The classic example of the interval scale is temperature measured on the Fahrenheit or Celsius scales. Let's suppose today's high temperature is 60º F and thirty days ago the high temperature was only 30º F. We can say that the difference between the high temperatures on these two days is 30 degrees. But, because our measurement scale lacks a real, nonarbitrary zero, we cannot say the temperature today is twice as warm as the temperature thirty days ago. In addition to temperature on the Fahrenheit or Celsius scales, examples of interval scale measures include:
With the interval level of measurement, we can perform most arithmetic operations. We can calculate common statistical measures like the mean, median, variance, or standard deviation. But, because we lack a nonarbitrary zero, we cannot calculate proportions, ratios, percentages, and fractions. We can also perform all manner of hypotheses tests as well as basic correlation and regression analyses. D. The Ratio Level The last and most sophisticated level of measurement is the ratio level. As with the ordinal and interval levels, the data have an inherent order. And, like the interval level, we can measure the intervals between the ranks with a measurable scale of values. But, unlike the interval level, we now have meaningful zero. The addition of a nonarbitrary zero allows use to calculate the numerical relationship between values using ratios: fractions, proportions, and percentages. An example of the ratio level of measurement is weight. A person who weights 150 pounds, weights twice as much as a person who weighs only 75 pounds and half as much as a person who weighs 300 pounds. We can calculate ratios like these because the scale for weight in pounds starts at zero pounds. n addition to weight, examples of ratio scale measures include:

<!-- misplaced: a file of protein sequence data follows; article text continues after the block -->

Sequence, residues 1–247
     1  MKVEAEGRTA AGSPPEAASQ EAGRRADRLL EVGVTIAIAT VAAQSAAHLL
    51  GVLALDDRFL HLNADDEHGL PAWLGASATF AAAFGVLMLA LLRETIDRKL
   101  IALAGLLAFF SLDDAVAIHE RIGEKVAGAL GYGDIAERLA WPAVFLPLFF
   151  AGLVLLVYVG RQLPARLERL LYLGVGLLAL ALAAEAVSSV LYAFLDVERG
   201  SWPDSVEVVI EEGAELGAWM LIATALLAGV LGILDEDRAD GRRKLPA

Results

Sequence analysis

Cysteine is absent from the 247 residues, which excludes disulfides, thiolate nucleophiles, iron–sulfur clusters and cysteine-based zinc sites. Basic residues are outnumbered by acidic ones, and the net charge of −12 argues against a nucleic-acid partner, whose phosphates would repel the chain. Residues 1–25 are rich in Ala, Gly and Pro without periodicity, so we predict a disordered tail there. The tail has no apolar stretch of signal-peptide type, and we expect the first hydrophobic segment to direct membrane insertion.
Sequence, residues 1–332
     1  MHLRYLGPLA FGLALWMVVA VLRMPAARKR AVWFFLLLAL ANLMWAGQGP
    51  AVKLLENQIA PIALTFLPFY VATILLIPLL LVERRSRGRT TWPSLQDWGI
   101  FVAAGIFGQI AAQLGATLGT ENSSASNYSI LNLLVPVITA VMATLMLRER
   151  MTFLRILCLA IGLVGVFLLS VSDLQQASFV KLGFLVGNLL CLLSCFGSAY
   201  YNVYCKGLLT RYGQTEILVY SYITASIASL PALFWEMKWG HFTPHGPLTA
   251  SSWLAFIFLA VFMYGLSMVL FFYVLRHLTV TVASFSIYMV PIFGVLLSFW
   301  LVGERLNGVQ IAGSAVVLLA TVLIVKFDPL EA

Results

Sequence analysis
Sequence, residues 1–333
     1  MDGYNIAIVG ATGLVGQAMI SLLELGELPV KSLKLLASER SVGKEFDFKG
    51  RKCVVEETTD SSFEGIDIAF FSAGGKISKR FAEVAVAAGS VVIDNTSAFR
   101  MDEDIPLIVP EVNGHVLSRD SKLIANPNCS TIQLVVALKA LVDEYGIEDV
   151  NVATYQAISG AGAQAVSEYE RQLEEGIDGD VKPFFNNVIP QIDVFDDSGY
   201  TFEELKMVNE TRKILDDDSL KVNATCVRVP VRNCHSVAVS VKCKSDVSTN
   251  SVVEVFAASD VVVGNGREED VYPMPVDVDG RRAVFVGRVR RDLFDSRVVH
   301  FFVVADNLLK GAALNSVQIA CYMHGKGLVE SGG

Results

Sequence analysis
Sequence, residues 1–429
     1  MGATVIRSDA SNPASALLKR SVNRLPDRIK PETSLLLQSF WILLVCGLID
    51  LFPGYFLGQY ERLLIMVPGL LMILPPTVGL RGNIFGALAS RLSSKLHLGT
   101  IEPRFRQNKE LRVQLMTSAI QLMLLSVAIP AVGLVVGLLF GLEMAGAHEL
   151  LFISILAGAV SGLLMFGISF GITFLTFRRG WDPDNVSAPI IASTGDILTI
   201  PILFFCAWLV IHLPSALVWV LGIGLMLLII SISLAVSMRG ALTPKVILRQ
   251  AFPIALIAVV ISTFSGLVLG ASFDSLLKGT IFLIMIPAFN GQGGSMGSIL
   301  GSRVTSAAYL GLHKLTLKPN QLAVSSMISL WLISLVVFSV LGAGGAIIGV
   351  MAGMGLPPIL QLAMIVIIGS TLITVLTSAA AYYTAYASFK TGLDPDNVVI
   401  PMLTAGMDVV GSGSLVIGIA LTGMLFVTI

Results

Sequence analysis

With the ratio level of measurement, we can perform all arithmetic operations including proportions, ratios, percentages, and fractions. In terms of statistical analyses, we can calculate the mean, geometric mean, harmonic mean, median, mode, variance, and standard deviation. We can also perform all manner of hypotheses tests as well as correlation and regression analyses. What level of measurement is categories?The ordinal level of measurement groups variables into categories, just like the nominal scale, but also conveys the order of the variables.
Which level of measurement consists of categories only where data Cannot be arranged in an ordering?Nominal  data consists of names, labels or categories only. The data cannot be arranged in an ordering scheme (such as low to high).
What level of measurement include labels only?The nominal level of measurement is the simplest level. "Nominal" means "existing in name only." With the nominal level of measurement all we can do is to name or label things. Even when we use numbers, these numbers are only names.
Which one of the following levels of measurements can not have ordered categories?Nominal Level of Measurement
There is no particular order to the categories.